Reference is now made to FIGS. 4A-4C, which are conceptual illustrations of the composition of rule lookup keys, according to embodiments of the invention. A hardware configuration may comprise a number of elements, such as processor core version 402, number of processor cores 404, BIOS version 406, PCI card model enumeration 408, USB device enumeration 410, motherboard version 412, amount of memory (RAM) 414, amount of storage 416, and network MAC address 418, to name a few. An example of such a hardware configuration may include a Xeon processor, Model 5560, with four processor cores, running at 3.1 GHz, and hardware version 3; a RAID storage array, Model 3425, running RAID level 5, with 2 TB storage, and hardware version 7.2; and a network connection, Model 34668, with a 10/100/1000 network card, and hardware version 5.2.3. All of these elements in FIG. 4A are used to derive the hardware configuration descriptor 420, which in this example may be “Xeon_M55604c3.1g_HWV3-RSA_M3425_RAID52TB_HWV7.2-M34668_N1000_HWV5.2.3.” This may be considered the hardware descriptor portion of the rule lookup key referred to as “HW1.0” in FIG. 3.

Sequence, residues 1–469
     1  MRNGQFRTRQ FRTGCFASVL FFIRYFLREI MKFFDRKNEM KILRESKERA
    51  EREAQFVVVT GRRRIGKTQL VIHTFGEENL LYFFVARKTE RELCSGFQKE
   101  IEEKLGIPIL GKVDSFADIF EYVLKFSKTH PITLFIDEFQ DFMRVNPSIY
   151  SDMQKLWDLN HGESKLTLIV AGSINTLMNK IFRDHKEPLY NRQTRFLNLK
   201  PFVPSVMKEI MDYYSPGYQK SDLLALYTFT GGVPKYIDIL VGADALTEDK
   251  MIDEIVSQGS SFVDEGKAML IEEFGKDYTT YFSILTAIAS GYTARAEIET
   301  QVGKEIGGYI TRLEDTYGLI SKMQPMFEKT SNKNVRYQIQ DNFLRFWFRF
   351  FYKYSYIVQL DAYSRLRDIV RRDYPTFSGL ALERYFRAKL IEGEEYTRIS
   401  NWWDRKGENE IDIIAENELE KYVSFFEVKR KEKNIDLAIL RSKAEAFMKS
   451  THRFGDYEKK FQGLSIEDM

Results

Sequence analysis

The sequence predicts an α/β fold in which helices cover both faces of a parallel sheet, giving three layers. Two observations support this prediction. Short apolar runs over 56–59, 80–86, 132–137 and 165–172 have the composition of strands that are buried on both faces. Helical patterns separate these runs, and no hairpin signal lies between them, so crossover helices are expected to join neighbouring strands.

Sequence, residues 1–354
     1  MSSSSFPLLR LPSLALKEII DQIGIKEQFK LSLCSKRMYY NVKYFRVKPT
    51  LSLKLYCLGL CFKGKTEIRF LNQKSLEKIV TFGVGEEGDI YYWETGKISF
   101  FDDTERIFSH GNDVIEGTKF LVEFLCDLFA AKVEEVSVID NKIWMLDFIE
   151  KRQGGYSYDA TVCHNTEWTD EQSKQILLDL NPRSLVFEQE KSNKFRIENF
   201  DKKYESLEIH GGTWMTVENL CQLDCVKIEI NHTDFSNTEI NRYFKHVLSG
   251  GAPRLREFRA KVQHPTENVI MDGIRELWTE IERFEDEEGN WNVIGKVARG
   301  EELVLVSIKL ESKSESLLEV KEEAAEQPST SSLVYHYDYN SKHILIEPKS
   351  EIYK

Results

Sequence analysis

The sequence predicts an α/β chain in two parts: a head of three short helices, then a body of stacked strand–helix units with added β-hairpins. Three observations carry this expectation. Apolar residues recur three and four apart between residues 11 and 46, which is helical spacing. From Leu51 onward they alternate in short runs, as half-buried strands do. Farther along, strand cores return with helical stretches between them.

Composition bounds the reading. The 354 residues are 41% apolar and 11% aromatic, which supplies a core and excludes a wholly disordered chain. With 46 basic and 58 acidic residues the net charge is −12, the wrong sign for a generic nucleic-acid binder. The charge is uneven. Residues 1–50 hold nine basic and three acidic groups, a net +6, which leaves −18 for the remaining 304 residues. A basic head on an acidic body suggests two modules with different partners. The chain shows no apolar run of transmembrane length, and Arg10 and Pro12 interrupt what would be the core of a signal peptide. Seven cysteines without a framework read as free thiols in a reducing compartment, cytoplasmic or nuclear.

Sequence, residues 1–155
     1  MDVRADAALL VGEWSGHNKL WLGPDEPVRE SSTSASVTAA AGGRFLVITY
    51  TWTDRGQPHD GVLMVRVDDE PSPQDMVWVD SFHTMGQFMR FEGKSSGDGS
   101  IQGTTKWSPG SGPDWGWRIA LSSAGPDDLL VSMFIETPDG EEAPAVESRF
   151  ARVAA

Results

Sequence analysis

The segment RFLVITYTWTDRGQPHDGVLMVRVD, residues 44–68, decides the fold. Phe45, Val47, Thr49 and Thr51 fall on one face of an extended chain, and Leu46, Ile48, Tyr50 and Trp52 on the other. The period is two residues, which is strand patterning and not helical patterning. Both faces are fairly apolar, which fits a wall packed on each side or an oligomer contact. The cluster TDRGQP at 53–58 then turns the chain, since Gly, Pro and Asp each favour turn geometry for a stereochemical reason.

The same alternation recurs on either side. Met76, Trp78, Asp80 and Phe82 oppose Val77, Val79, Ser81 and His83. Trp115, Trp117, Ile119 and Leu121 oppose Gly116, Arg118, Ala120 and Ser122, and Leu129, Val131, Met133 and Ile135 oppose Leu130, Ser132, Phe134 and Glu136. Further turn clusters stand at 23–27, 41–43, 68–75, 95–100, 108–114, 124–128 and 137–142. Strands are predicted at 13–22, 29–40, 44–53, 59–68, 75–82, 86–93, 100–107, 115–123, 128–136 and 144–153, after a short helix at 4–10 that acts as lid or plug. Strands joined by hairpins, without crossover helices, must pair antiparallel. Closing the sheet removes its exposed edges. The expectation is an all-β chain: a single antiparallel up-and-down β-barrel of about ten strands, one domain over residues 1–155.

A software configuration may comprise a number of elements, such as operating system version 422, video driver version 424, application 1 version 426, application 2 version 428, application enumeration 430, storage driver version 432, network driver version 434, application 3 version 436, and application N version 438, to name a few. An example of such a software configuration may include Microsoft Windows Server 2008, R2 Standard, Remote Command Service, and software version 3.3; Digital Front End (DFE) Application Services, Synchronization manager, Job manager, Communication manager, and software version 2.1; and Processes, PaperManager.exe, Image_handler.exe, ThroughputManager.exe, and software version 8.2. All of these elements in FIG. 4B are used to derive the software configuration descriptor 440, which in this example may be “MSW2008_R2Std_RemCmdSvc_SWV3.3-DFEApp_SyncMgr_JobMgr_CommMgr_SWV2.1-Processes_PaperMgr_ImgHndler_ThruputMgr_SWV8.2.” This may be considered the software descriptor portion of the rule lookup key referred to as “SW2.0” in FIG. 3.